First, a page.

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Judge Rules Against Sabbath-keeper—What’s Next?

Posted on January 21, 2020
Judge Rules Against Sabbath-keeper—What’s Next?

It’s happened again: A federal district court judge has ruled against someone who wanted to work for a major company but also maintain faithfulness to the Bible Sabbath.

On January 16, Judge Barbara Brandriff Crabb, senior judge of the U.S. District Court for the Western District of Wisconsin, said retail giant Walmart did all it had to do when Edward C. Hedican, a Seventh-day Adventist, applied for a salaried position as an assistant manager. After being given the position, Hedican said that he couldn’t work from sunset on Fridays to sunset on Saturdays but was willing to work any other day and shift to compensate. Walmart, in turn, said Hedican could instead apply for an hourly job where he could have Sabbaths off.

According to the Law360 website, in her order, Judge Crabb reasoned, “Numerous courts have concluded that an offer to help an employee find another position that does not require Sabbath work is a reasonable accommodation, even if the other position pays less or is less desirable.”

Furthermore, she expounds upon Title VII, the anti-discrimination law being called into question, declaring, “Title VII also does not require employers to accommodate an employee’s religious practices in a way that ‘spares the employee any cost whatsoever.’” To support this, she cited a case involving two Sabbath-keepers who worked for a Kellogg food processing plant in Clearfield, Utah. However, what is also of note is that in 2018, the Tenth Circuit Court of Appeals sent that same case back to the lower court to be heard again.

A Familiar Judicial Name

Judge Crabb’s name is a familiar one to those involved in religious liberty issues. Appointed to the federal bench in 1979 by President Jimmy Carter, she has twice sided with the Freedom from Religion Foundation, a group in Madison, Wisconsin, that supports and propagates atheistic beliefs. Her first ruling was against a “National Day of Prayer” declared by the Obama administration; it was subsequently reversed on appeal. Also reversed were her 2013 and 2017 rulings on the tax-exemption status of clergy housing allowances; she opposed the exemption, but a higher court ruled against her.

So while Judge Crabb’s views on the application of religious liberty are relatively well-known, the issues on which she is ruling remain contentious and unsettled, particularly the question of Sabbath accommodation.

Of significance is the case of clerk Larry Hardison, who, in 1972, lost against Trans World Airlines at the Supreme Court. The precedent established in that case has stood for nearly fifty years: Employers can’t be made to suffer “undue hardship” in order to accommodate a Sabbath-keeping employee. This is the very same argument Judge Crabb used in the Wisconsin Walmart case.

It’s also the argument at issue in the case of Darrell Patterson, a customer service trainer for Walgreens’ pharmacy who lost his job when he was called to work on a Saturday. Despite a supervisor’s offer to cover for Patterson—which was countermanded by another supervisor—Patterson was penalized for following his conscience.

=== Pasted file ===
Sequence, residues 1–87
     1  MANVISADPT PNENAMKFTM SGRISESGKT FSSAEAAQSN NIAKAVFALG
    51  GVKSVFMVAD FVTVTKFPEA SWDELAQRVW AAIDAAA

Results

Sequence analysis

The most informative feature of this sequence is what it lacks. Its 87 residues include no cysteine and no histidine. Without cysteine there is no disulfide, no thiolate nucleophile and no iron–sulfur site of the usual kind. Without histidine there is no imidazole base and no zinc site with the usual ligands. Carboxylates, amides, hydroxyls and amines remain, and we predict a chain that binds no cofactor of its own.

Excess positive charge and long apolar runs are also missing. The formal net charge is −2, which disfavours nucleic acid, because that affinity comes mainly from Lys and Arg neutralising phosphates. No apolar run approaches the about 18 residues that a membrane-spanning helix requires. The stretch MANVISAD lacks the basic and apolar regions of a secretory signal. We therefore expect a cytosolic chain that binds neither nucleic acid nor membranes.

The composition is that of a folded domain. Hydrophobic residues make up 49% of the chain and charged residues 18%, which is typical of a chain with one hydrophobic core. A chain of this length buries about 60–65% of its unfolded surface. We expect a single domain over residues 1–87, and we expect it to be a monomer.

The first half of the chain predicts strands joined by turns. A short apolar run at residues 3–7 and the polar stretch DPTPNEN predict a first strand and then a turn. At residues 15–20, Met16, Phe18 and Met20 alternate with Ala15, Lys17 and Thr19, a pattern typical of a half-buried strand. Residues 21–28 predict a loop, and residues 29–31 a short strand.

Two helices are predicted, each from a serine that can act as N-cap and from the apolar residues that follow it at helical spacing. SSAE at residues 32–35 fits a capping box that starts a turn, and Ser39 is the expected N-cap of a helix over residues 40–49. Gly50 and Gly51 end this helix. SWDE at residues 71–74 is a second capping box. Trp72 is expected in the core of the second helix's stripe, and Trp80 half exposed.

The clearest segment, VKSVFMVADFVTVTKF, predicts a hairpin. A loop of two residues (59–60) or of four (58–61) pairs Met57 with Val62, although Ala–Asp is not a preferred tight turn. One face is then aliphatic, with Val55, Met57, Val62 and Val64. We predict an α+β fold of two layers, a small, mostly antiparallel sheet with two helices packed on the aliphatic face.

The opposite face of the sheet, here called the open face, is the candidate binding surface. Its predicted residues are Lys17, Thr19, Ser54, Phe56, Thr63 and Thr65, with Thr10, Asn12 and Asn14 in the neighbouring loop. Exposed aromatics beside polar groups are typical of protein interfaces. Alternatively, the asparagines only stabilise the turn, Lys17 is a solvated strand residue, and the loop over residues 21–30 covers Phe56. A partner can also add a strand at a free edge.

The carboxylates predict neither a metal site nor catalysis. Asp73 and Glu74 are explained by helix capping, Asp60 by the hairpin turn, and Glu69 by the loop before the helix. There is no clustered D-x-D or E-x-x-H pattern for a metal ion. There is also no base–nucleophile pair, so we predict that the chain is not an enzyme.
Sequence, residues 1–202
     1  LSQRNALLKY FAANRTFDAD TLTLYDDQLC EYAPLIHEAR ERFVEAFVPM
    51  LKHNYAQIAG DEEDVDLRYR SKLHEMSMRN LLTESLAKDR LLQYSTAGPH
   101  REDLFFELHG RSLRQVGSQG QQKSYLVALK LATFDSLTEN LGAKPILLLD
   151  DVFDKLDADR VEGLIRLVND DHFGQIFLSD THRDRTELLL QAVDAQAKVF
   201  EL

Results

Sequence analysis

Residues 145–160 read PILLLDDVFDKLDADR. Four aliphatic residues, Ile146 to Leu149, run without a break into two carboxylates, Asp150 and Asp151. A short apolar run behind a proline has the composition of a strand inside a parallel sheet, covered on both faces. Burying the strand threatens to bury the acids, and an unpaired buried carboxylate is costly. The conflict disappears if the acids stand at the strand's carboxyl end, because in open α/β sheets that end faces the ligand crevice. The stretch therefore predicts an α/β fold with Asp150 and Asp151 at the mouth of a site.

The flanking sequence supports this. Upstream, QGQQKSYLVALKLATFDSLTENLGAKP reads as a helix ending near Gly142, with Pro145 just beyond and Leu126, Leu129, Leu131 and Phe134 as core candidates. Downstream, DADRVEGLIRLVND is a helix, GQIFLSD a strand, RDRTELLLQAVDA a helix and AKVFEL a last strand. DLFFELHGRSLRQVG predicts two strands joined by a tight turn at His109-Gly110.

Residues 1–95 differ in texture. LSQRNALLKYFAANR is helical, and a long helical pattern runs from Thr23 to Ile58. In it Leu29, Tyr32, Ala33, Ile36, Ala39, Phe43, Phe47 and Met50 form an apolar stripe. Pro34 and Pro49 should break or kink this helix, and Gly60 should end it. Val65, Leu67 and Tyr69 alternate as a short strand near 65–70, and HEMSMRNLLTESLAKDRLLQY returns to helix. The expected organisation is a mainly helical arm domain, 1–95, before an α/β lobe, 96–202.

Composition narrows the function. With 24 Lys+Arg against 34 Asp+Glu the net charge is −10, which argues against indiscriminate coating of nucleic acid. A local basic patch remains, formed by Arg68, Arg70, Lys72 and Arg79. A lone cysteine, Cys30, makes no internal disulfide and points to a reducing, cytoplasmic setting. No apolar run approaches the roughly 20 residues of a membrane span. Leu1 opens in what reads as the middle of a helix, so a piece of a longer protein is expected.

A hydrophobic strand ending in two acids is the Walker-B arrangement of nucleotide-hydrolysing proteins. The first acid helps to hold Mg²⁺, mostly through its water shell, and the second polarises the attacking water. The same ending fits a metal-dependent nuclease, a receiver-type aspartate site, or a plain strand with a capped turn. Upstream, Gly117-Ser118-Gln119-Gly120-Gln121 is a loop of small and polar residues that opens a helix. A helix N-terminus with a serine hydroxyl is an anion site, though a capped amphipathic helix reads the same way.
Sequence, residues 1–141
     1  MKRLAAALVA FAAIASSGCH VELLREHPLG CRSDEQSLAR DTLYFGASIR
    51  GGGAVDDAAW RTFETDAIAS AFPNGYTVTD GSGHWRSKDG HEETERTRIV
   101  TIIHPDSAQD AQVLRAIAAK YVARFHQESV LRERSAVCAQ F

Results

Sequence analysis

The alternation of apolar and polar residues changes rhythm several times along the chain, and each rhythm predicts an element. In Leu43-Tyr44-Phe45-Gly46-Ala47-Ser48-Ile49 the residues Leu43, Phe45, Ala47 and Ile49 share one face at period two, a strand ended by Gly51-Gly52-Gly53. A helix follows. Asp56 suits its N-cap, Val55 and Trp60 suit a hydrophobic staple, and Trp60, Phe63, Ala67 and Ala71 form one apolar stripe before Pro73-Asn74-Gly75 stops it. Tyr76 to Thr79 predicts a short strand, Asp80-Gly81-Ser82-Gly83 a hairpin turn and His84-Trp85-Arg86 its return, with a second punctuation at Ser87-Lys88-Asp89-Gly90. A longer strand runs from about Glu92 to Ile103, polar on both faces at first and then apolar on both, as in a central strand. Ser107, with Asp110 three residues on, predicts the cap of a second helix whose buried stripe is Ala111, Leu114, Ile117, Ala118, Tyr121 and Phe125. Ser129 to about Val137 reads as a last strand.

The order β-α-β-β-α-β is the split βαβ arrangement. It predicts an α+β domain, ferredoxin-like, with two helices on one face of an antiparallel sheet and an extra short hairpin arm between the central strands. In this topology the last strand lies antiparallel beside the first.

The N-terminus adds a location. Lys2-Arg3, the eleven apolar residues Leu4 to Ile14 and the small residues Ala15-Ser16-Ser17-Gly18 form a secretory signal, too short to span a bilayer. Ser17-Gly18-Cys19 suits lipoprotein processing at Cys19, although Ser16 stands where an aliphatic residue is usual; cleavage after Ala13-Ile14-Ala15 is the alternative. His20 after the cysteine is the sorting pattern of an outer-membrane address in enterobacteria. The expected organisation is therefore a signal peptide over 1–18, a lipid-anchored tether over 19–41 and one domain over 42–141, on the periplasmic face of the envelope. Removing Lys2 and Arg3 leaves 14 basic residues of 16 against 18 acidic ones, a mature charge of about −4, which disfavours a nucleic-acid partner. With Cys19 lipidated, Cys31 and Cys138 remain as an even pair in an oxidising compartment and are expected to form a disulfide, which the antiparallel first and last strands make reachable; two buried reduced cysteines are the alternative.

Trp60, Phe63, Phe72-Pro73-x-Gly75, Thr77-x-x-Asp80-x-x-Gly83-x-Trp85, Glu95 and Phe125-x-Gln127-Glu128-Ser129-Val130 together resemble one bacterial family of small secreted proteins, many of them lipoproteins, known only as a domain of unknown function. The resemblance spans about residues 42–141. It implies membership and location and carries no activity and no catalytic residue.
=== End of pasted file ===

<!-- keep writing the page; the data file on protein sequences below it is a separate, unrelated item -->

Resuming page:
The Definition of “Undue Hardship”

But what exactly constitutes “undue hardship” for the employer? This term is at the crux of all these Sabbath-keeping cases. While Title VII left its definition open for interpretation, over the years, case after case has proved that the term needs specifying. The Hardison case ruled that even a hardship of “de minimus” (minimal or trivial) amount upon the employer was reason enough to terminate the employee. But now, due to the Patterson case, that standard ruling could be revised.

Patterson is currently awaiting a decision on whether or not the Supreme Court will hear his case, based on a brief recently filed by the Solicitor General. If accepted, there’s a possibility that the Supreme Court could reverse the Hardison decision and require employers to do more to accommodate Sabbath-keeping workers.

Interestingly, the brief cites the Supreme Court’s 2015 ruling in the case of Samantha Elauf, a Muslim woman who wanted to work for retail clothing chain Abercrombie & Fitch. In that case, the company refused to hire Elauf because she wore a hijab, the traditional Muslim headscarf. The filing specifically noted the justices’ reasoning in favor of Elauf, that “‘Title VII does not demand mere neutrality with regard to religious practices,’ but rather ‘gives them favored treatment.’”

If “favored treatment” applies to religious clothing, would it also apply to religious days?

While Americans wait upon the judiciary, it’s a good idea to recall what’s involved in keeping the Sabbath and why it’s important in the first place. “Why God Said Remember” is a free book that answers many of those questions.

Reading our article on “The Sabbath in Prophecy” will give you insight into why there is so much confusion surrounding the Sabbath day and why its observance will be a central issue at the end of time.

And if you’re wondering about whether Christians should even keep the seventh-day Sabbath, check out this enlightening exchange between Pastor Doug Batchelor and Pastor Steve Gregg. It’s an honest debate that may help settle the issue for you.

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